Last month, CBS news released an investigative report that exposed data security risks associated with today's high-end digital copiers.
To sum it up, here's the problem that's uncovered in the report: Because these copiers use flash memory or hard drives to store scanned information, any document that's copied on them tax records, pay stubs, etc. is saved within the machine.
Of course, when a company decides to resell or recycle an old copier, it can overwrite the local memory drives. Or, it can remove the drive completely. But, is that what companies typically do? Is that what your company does?
Those are intriguing questions. They're so intriguing in fact, that now the Federal Trade Commission has become involved.
Congressman John Markey wrote to the FTC to voice his concerns about privacy risks associated with the use of digital copiers. Last week, the FTC responded. From the FTC letter:
The FTC is aware of reports regarding the privacy risks associated with the use of digital copiers. Like you, we also are concerned that personal information can be so easily retrieved from copiers, making it vulnerable to misuse by identity thieves. As you point out, businesses and government agencies should ensure that the information on the hard drives in digital copiers are wiped clean of personal information after the conclusion of use.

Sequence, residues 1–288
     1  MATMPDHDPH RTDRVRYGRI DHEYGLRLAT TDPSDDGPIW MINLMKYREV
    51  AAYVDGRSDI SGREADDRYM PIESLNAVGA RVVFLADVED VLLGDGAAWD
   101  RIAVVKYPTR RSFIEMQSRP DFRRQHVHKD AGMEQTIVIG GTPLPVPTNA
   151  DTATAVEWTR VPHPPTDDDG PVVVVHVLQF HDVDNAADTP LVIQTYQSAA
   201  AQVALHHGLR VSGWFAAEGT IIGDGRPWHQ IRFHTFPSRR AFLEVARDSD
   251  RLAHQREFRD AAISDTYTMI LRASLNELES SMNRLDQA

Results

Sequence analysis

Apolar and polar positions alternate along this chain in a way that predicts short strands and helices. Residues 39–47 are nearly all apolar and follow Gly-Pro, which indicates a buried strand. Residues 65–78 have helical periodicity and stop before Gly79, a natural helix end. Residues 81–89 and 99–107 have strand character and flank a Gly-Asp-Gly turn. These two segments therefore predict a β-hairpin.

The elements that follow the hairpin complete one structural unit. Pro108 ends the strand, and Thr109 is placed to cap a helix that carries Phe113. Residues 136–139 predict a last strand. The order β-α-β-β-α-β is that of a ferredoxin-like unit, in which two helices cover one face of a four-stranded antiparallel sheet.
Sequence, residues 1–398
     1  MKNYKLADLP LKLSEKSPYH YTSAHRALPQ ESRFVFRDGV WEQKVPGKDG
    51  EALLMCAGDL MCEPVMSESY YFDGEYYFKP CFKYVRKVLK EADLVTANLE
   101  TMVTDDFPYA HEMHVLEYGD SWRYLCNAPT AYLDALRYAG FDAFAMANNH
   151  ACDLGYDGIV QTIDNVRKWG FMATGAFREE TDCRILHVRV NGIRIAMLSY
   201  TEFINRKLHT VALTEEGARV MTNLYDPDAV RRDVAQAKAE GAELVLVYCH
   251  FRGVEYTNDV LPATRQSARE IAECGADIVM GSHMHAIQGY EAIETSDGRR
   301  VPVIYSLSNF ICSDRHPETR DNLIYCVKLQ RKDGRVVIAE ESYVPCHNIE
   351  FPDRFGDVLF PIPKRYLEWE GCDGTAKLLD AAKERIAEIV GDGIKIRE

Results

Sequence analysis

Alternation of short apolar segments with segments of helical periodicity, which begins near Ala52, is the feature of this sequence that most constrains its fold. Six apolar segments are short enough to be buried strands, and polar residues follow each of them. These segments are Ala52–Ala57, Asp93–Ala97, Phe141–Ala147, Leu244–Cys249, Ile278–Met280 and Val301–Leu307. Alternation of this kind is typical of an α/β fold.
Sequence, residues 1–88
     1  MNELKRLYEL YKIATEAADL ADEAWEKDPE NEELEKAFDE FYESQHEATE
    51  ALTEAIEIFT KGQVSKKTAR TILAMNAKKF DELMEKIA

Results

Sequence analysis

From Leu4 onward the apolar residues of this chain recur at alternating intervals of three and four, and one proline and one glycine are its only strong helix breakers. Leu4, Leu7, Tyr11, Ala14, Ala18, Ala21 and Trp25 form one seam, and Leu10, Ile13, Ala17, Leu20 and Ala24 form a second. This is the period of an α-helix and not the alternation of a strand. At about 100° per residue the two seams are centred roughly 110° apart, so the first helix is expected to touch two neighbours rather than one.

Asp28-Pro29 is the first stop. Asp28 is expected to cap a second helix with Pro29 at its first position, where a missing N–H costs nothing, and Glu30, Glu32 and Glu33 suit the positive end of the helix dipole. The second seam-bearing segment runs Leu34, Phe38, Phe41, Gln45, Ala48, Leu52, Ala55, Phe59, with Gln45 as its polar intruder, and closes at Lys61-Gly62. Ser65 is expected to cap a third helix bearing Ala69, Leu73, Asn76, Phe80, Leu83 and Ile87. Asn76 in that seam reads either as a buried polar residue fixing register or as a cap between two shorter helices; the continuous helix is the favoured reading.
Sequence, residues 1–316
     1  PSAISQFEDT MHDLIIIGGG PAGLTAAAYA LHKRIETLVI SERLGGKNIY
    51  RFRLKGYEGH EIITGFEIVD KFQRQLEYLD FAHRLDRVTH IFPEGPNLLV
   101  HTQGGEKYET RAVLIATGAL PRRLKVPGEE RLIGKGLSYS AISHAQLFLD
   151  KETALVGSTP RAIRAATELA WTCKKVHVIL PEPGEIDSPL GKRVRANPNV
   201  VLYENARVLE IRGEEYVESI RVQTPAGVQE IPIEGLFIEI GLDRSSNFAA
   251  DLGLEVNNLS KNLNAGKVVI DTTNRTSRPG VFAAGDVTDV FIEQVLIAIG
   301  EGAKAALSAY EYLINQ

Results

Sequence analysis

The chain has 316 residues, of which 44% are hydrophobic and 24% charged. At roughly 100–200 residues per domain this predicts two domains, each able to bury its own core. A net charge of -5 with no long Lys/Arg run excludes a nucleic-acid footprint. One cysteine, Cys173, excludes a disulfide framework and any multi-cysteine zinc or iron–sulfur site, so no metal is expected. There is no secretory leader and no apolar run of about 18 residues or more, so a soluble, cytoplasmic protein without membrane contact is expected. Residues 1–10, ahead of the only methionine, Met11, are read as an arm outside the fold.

The FTC says it is reaching out to copier manufacturers, resellers and retail copy and office supply stores to ensure that they are aware of the risks and to ensure that they provide appropriate education on this subject to their clients. In addition, the FTC is reviewing its educational materials to see if there are ways it can supplement its guidance to both businesses and consumers on this issue.
Keeping data secure is an on-going challenge for both individuals and businesses and a constant headache for those trying to mitigate risks. You can learn more about how to deter, detect and defend against identity theft at the FTC website.